Public health officials are preparing for what seems to many like the inevitable: South Florida’s first locally transmitted case of Zika, a mosquito borne virus that has spread rapidly across Latin America and the Caribbean, and poses the greatest threat to pregnant women and their unborn children.
The health department has confirmed nine cases of Zika virus brought to Florida by international travelers, including four in Miami-Dade County, leading Gov. Rick Scott to declare a public health emergency on Wednesday for the affected counties. A global warning was issued Feb. 1 by the World Health Organization.
No reported cases have originated with a mosquito bite in the continental United States, though the virus has been transmitted through sexual contact in at least one confirmed case in Texas.
With no vaccine or medication available to prevent or treat Zika infections, South Florida hospital physicians are questioning patients in their emergency rooms about recent travel while adhering to guidelines for care from the federal Centers for Disease Control and Prevention.
Never miss a local story.
At the same time, disease detectives and researchers are racing to learn more about the relatively obscure virus.
“There needs to be work done in the laboratory and in the field to understand how this epidemic has come to be and how dangerous is it, really,” said Matthew DeGennaro, a mosquito expert and assistant professor of biology at Florida International University, which hosted a panel discussion on the Zika virus Wednesday in Miami.
There needs to be work done ... to understand how this epidemic has come to be and how dangerous is it.
Matthew DeGennaro, mosquito expert
Without answers to many of their questions about the Zika virus and how it spreads, South Florida residents, particularly pregnant women, said they were at a loss for what to do besides watch and wait — and apply liberal amounts of the insect repellent, DEET.
“At some point, you want to know you’re in the clear. But apparently that’s not possible,” said Monica Flowers of Coral Gables, who is six months pregnant. “We’re so close to Latin America, and we have so many tourists and commerce, sooner or later we’re going to see a case.”
A clinical assistant professor of nursing at FIU, Flowers asked the panel at what stage in her pregnancy Zika posed the least threat, and whether a mother could potentially transmit the virus to her newborn baby through breastfeeding.
The panel had no definitive answers for Flowers, emphasizing how little is actually known about the virus.
Zika symptoms, such as fever, rash, joint pain and red eyes, are similar to other mosquito-borne diseases, such as dengue and chikungunya, but they are not considered life-threatening for most healthy adults, said Aileen Marty, a physician and professor of infectious diseases in FIU’s Wertheim College of Medicine.
But Zika’s possible association with clusters of microcephaly, a congenital brain defect, and other neurological disorders among newborns in some areas affected by the virus — notably in Brazil since May 2015, and in French Polynesia in 2014 — triggered alarms of a global health crisis.
Zika virus outbreaks have occurred in areas of Africa, Southeast Asia and the Pacific Islands. In May 2015, the Pan American Health Organization issued an alert regarding the first confirmed Zika virus infections in Brazil.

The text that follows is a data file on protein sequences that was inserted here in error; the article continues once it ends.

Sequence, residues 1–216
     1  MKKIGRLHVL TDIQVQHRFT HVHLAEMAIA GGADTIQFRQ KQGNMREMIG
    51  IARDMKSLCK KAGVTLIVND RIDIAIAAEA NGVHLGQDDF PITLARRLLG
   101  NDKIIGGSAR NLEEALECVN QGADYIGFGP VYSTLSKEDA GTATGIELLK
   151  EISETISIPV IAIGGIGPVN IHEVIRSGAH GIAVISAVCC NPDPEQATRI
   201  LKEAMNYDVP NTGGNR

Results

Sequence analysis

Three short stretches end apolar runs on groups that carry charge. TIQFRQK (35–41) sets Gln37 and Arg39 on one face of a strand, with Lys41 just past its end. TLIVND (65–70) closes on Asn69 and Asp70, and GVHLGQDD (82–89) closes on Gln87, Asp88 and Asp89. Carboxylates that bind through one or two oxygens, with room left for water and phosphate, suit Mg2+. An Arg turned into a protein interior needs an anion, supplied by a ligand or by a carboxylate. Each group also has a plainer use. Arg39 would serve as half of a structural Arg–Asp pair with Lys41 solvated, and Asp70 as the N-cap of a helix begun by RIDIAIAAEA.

In 2014, when epidemiologists believe Zika arrived in Brazil, the country recorded 147 microcephaly cases, said Tomás Guilarte, dean of FIU’s Stempel College of Public Health. Since October, Brazil has reported about 4,200 suspected microcephaly cases and the deaths of 70 babies associated with the virus.
Still, scientists have “no concrete proof that the virus is causing microcephaly,” DeGennaro said, adding that there are more questions than answers about Zika, such as how it has evolved since the first recording in 1949, and whether outbreaks are related to environmentally favorable conditions, such as heat, rainfall and humidity, or to climate changes, such as increased rainfall and warming.
Adding to the complexity is the broad range of effects the virus can have on those it infects, said Consuelo Beck-Sagué, a pediatrician and assistant professor of public health at FIU.
About one in five people infected with the virus become ill, according to the CDC. Similarly, said Beck-Sagué: “There were a lot of babies born in Brazil without microcephaly who clearly had perinatal exposure and prenatal exposure [to the Zika virus].”
While scientists work to learn more about the virus, DeGennaro said an epidemic outbreak like the one in Brazil remains less likely in South Florida, where housing and socio-economic conditions act as barriers to infection.
30 Countries and territories to which travel is not advised by the Centers for Disease Control and Prevention.
“One of the things that makes us in Florida a little bit safer is that we have much better mosquito control mechanisms,” he said. “We live in homes that have screens and have air conditioning. . . . We kind of prevent access of the mosquitoes to people in ways that are not happening in, let’s say, Northeast Brazil, where people are a lot more impoverished.”
Still, noted Marty, the infectious disease expert, the mosquito that transmits Zika, known as Aedes aegypti, is “a day biter” and tends to feed when people are more likely to be outdoors.
South Florida, with its warm, humid climate and reliable rainfall, is one of the few states in the nation where Aedes aegypti feels at home, DeGennaro said. And scientists are employing new methods, including genetically modified mosquitoes, to combat the insects’ spread.
“This is the world’s deadliest animal,” he said, noting the insect’s ability to spread diseases such as yellow fever and malaria. “It is responsible for 725,000 deaths a year.”
His best advice for those concerned about how to protect themselves against Zika virus: